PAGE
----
Douglas Laing’s blends, namely the Remarkable Regional Malts, seem to be working out for them quite well. These blends are composed of whisky from one specific region, Islay’s Big Peat being the most well known.
After introducing the Rock Oyster in 2015, Douglas Laing has now renamed their Island region blend to Rock Island. Currently the line consists of a NAS and 10 year old version, with a limited 21 year old being released as well. These blends all contain whisky from this isles of Arran, Jura, Orkney and Islay.
Rock Island | 46.8% ABV | Bottled 2019
Colour: White wine.
Nose: A very coastal feel. A salty seabreeze, fresh fish being brought into the harbour. There’s some earthy peatsmoke too but it’s quite gentle. Some hints of lemon. Also there’s a creamy and flowery note which I often find in Arran whisky.
Palate: Quite an oily mouthfeel. It’s salty but not overly so. A slight pepper and some hints of seafood coming through.
Finish: Short to medium long finish. Oily but drying towards the end because of the salty notes. The lemons return from the nose and the smoke gently lingers.
Great start. The nose and palate are quite consistent and it does give that maritime feeling it’s designed to deliver.
Rock Island 10 | 46% ABV | Bottled 2019
Colour: White wine.
Nose: It’s just like the NAS version but everything is more pronounced and driven. The peat comes through a bit more here. There’s still that maritime feel with the salt, but there’s a sweeter side as well. Pineapple, vanilla and some soft honey. The creamy note is still present too.
Palate: Again, Douglas Laing managed to have a great continuation between the nose and palate. Something other whisky sometimes struggle with. Quite a gentle arrival with some peppercorn. Then the earthy smoke comes in along with notes of pineapple and vanilla.
Finish: Medium long finish with the smoke lingering and a touch of ham.
Nice blend. A good balance between approachable and engaging.
Rock Island 21| 46.8% ABV | Bottled 2019
Nose: We get a much more pronounced peat here. Quite earthy again with also notes of moss, hay and grass. There’s some ginger too. The seafood comes out more, mussels and clams. There’s also a hint of dust, showing the age of the components. With time there’s some more creamy vanilla notes.
Palate: Earthy peatsmoke engulfs the palate. It’s quite an engaging experience because of it. There’s lemons and dark honey too. Also a nice flowery note (think Arran, not 80’s Bowmore).
Finish: The smoke remains and turns salty. Langoustines. A long finish with a drying mouthfeel.
Excellent stuff. I love how the quality of the whisky noticeably improves as we go towards the older/more expensive stuff. That’s not always the case these days.
The Flaming Heart originated from the idea of combining unpeated whisky from French Oak casks with the peat smoke of an Islay malt. Over the years there have been a couple of editions of the Flaming Heart. I was able to put the 5th edition released in 2015 and the 6th edition released in 2018 side by side.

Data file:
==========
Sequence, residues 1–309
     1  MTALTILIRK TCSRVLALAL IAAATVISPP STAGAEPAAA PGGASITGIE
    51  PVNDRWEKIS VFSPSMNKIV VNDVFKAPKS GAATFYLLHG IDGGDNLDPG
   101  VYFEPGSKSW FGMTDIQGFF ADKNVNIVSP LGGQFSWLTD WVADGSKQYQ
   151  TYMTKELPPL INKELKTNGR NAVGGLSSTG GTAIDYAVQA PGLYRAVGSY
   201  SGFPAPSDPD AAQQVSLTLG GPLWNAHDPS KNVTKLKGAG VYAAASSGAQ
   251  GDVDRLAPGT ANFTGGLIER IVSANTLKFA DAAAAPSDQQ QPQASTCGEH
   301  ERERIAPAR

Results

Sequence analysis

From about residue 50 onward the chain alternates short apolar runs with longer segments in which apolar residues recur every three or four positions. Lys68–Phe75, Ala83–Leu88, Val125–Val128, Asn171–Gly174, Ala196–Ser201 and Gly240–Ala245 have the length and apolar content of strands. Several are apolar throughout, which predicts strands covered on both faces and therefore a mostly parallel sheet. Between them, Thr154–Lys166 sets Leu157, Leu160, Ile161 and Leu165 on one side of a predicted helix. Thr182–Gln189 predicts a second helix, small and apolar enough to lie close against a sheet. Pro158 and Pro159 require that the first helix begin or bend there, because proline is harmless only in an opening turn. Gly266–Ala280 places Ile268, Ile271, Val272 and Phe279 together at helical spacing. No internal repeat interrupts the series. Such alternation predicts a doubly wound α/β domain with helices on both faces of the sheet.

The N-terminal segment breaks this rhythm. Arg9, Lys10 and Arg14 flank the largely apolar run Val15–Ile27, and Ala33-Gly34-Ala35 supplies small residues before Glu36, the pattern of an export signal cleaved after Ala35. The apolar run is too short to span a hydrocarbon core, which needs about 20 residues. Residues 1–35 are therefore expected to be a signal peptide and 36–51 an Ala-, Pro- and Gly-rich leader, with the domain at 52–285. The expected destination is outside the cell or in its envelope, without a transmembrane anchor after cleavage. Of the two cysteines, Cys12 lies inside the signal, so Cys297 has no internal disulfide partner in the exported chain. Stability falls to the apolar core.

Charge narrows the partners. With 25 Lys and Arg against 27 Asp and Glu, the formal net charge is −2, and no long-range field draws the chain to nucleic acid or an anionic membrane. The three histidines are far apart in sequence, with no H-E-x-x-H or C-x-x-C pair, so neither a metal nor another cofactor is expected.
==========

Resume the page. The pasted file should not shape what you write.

Nose: A nice amount of smoke but not too in your face. It’s accompanied by a waxy note, mustard seeds and a lemon custard.
Palate: Quite salty smoke that builds op exceptionally well in the mouth. A touch of a medicinal note, mint and lemons. A very clean cut, clear, straight to the point, no nonsense experience, which I enjoy if it’s executed as well as here.
Finish: A long finish of honeyed smoke
The balance of the smoke with the sweet honey and sour lemons is remarkable. Great stuff here.
Stranger & Stranger, quite a nice name for a Compass Box blend I think. The name comes from one of the design companies Compass Box uses. This bottling is to celebrate their 10 year partnership with Stranger & Stranger who designed the logo’s for quite a bit of their bottles, including No Name, Phenomenology and their core range of products.
That’s not the only “strange” thing about this though. This blend is technically a spirit drink, not a whisky, as they used some 1 year old Girvan grain spirit in this. The story goes that this was “sacrificial spirit” used to season experimental casks, but who’s to say. Either way, at 1% of this blend’s contents, it won’t get in the way of things.
Other than the Girvan, there’s Glenlossie, Glen Elgin and some Linkwood in this blend.
Nose: This needs a lot of time to open up. At first it’s mainly dust and chalk. With time there’s more fruity notes. Pear, mango and Reine Claude plums. Definite hints of grass and cereal too.
Palate: It starts off quite fruity with notes of green apple, lemon and mango. However, those quickly get overtaken by grass, hay and cereal note. A heavy does of barley too.
Finish: A medium long finish. Some pepper and vanilla. The tropical fruits, mainly mango, come back to end on a sweeter note.
Decent blend here, and quite barley-centric on the mid-palate. As has come up a few times, you need to wonder if it’s worth the asking price.
Compass Box No Name, that’s quite a smart marketing trick there! They want to let the whisky speak for it’s own, fine. This is said to be the peatiest Compass Box so far, consisting of a healthy amount of Ardbeg, Caol Ila and, of course, some Clynelish.
Colour: White wine
Nose: A very strong peatsmoke comes out of the glass. I’m envisioning standing on a dune in windy weather, waves crashing on the shore. Salt, sea air, wonderful. In the back, there’s some banana notes, smoked ham and a hint of medicinality (is that even a word? You know what I mean).
Palate: Ultra clean, concise, focussed peat. Wood still smoldering, smoked salmon. At the end the salt begins to amp up it’s volume.
Finish: The salty notes are prominent here, quite an oily mouthfeel. The smoke still lingers too for quite a long finish.
I’ve put this next to my Flaming Heart and yes, this is quite a bit peatier. I love how focussed it comes across, very nice blending there!